Queer individuals have unique medical needs. More than others, they may need to access hormone replacement therapy (HRT), facial feminization surgery (FFS), mental health services, and reproductive health services. Standard medical curricula inadequately train health care professionals to provide quality, inclusive, and gender-affirming care to queer and trans patients. LGBTQ+ individuals are less likely to have a regular health care provider, are more likely to delay or avoid seeking treatment, and are often reluctant to disclose their sexual orientation to health care professionals. For BIPOC queer and trans people, disparities in health outcomes are often more extreme due to the barriers to health care enforced by racism and transphobia. This is largely due to discrimination and mistreatment by providers. Queer and trans people are left to advocate for themselves, educate their doctors, or move away from mainstream systems of health care in order to reclaim agency over their bodies.
Medical schools fail to adequately teach the human and social aspect of health that is needed to interact with and treat a diverse group of individuals. Not having received formal training in inclusive and gender-affirming care, many health care professionals are incompetent when it comes to working with people who exist outside heteronormativity and the gender binary. Transphobia and homophobia can result from miseducation and gaps in knowledge. Health care professionals who lack training will often use cisnormative language, propose treatment plans that aren’t sexuality- or gender-affirming, and assume authority over bodies that they know little about.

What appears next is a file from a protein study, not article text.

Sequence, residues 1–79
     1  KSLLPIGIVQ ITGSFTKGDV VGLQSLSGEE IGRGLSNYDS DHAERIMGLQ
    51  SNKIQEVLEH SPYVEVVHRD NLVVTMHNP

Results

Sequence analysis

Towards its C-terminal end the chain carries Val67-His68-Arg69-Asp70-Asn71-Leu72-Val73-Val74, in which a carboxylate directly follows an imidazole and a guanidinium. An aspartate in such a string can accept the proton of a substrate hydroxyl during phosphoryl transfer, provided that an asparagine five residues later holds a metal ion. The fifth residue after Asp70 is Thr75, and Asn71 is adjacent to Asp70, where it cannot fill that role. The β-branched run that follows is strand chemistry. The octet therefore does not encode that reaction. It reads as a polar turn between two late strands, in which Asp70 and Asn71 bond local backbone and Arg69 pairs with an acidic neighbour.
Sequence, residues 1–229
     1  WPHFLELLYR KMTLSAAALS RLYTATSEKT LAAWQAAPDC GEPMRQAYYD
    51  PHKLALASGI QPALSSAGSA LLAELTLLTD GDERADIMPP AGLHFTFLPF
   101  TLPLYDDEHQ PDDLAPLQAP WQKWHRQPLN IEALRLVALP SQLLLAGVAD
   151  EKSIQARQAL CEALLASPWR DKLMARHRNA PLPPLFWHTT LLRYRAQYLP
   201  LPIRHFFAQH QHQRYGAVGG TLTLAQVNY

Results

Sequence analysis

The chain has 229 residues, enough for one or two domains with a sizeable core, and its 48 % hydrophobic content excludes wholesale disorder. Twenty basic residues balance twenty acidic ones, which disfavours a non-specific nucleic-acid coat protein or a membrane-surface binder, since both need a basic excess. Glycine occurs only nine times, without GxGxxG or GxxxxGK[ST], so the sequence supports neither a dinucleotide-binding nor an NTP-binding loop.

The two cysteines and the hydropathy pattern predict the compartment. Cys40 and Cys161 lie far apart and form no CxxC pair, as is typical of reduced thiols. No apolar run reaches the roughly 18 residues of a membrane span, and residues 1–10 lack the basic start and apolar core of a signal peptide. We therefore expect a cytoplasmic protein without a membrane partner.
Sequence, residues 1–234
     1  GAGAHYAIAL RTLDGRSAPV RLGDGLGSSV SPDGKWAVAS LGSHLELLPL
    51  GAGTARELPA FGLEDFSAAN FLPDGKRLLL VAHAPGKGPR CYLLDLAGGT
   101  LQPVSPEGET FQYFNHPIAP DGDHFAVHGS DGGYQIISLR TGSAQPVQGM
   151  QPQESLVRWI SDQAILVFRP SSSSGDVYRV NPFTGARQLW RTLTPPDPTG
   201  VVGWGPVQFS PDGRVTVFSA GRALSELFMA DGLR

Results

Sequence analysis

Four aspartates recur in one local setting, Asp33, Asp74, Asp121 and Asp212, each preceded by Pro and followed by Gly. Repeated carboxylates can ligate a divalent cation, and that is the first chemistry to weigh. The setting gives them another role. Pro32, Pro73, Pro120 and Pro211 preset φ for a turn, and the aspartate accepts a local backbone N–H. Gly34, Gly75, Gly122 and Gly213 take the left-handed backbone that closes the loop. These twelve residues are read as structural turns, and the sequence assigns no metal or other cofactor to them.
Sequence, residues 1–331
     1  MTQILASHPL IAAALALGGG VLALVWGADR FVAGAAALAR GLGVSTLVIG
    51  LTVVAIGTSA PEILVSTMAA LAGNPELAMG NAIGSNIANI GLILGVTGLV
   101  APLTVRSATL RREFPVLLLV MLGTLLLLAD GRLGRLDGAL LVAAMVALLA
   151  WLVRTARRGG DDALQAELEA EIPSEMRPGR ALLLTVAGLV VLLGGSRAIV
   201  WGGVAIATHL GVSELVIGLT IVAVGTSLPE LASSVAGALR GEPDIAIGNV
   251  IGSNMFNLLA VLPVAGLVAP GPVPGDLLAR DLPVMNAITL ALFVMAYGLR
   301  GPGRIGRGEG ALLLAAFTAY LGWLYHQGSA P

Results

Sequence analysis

In a 2011 survey of 150 medical schools across Canada and the US, nine reported zero hours of LGBTQ+ content taught during preclinical years, and 44 reported zero hours taught during clinical years. The schools that did have LGBTQ+ curricula reported a median of five teaching hours dedicated to this content, and respondents only rated the quality of the curricula as “fair” in 40 per cent of the schools. In a similar survey of LGBTQ+ content in UK medical schools, only five of 19 institutions were found to have “good” or “very good” content on LGBTQ+ topics.
LGBTQ+ health content in medical curricula is presented primarily in the context of HIV/AIDS, and it lacks coverage of many other queer health topics. According to a study published in the Canadian Journal of Emergency Medicine, the historical failure to train physicians on LGBTQ+ health has resulted in very few providers qualified to treat queer patients, let alone teach the content.
Overwhelmingly, there is a pervasive cisnormativity and heteronormativity in health education that prevents health professionals from effectively treating queer people. Medicine continues to harm intersex people, for example, by performing medically unnecessary operations on intersex children when they’re too young to know their gender identity. These irreversible procedures, aimed to make the body conform to the gender binary, can result in sterilization, chronic pain, scarring, gender dysphoria, and lifelong psychological trauma. Moreover, in an article in BitchMedia, queer women reported “a lack of medical language around [their] experiences and a dearth of experts who focus on queer women’s reproductive health.” Medical providers often lack knowledge about the experiences of women who have sex with women and the medical implications of this, including the possibility of STIs and other infections. In another instance of medical incompetence, an asexual individual in British Columbia reported that their doctor, misinterpreting their asexuality as low libido, refused to prescribe them medication for their depression because it might reduce libido.